Therefore, we are doing all we can to innovate, seek donations from people and businesses. We have had some success on this front and are very grateful to those who can help us. Other ideas include reducing ticket prices by not including alcohol (a very large contributor to inflation) and giving guests the choice to purchase their own amongst many others. Our own costs are also increasing for the same reasons and as we head into another winter, the cost at community cricket programme level for indoor venues is a challenge and something we are always seeking ways to reduce with our partners at county cricket boards and clubs across the country. We have some solutions, and we are working on those but I hope this helps many of you who have questioned and challenged us on this matter recently and goes some way to demonstrating the challenges that we face.

I’d like to finish by paying a couple of tributes. Firstly, to Trustee and long-term member Alistair Subba Row who will be stepping down from his position on the board. Alistair has been an integral part of the board, none more so than in his current role in advising and supporting the charity with our upcoming office move. A huge thank you to Alistair for your contributions to the charity and the board during your six years in the role.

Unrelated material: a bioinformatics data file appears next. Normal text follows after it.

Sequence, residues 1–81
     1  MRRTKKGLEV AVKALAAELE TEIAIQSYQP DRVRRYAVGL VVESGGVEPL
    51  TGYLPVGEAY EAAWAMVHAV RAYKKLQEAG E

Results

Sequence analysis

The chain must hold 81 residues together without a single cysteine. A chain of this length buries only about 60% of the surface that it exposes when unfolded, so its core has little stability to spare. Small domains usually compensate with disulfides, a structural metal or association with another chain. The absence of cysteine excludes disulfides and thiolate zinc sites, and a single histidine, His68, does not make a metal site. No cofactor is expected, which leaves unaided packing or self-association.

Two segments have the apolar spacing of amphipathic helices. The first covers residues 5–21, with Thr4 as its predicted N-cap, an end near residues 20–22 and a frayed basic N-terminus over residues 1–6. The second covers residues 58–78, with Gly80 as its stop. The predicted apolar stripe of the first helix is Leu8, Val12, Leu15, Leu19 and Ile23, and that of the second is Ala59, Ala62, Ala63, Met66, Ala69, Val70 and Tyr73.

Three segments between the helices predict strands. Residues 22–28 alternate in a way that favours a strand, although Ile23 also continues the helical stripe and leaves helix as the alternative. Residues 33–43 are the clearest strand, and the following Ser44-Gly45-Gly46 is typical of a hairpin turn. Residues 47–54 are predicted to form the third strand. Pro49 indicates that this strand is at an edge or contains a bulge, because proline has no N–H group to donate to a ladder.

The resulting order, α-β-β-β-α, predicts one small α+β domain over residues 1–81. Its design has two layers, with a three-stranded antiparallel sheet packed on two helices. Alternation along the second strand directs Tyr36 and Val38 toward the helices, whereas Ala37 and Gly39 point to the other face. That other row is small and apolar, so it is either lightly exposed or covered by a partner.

Finally, we were very sad to hear that former President and broadcast legend Sir Michael Parkinson’s had passed away in August. Parky was one of a kind. You could not meet a nicer person and no one would ever turn down the invite to be interviewed by Sir Michael, as we found out to our benefit while he was President when he asked his friends in the entertainment world to be guests at our fundraisers. I know he was brilliant when engaging with young people on our cricket programmes and the staff team here at the Taverners during his time as President in 2015-2018, and we’re now discussing how we can best pay tribute to Parky next year. I had the pleasure of having lunch with Sir Michael’s son Mike this week, we talked about the amazing life and career his dad had and his love for and commitment to the Lord’s Taverners. Mike is keen to get involved with a tribute event, so watch this space early next year for more details.

Thanks again for all of your support and I look forward to seeing you soon.

Best wishes,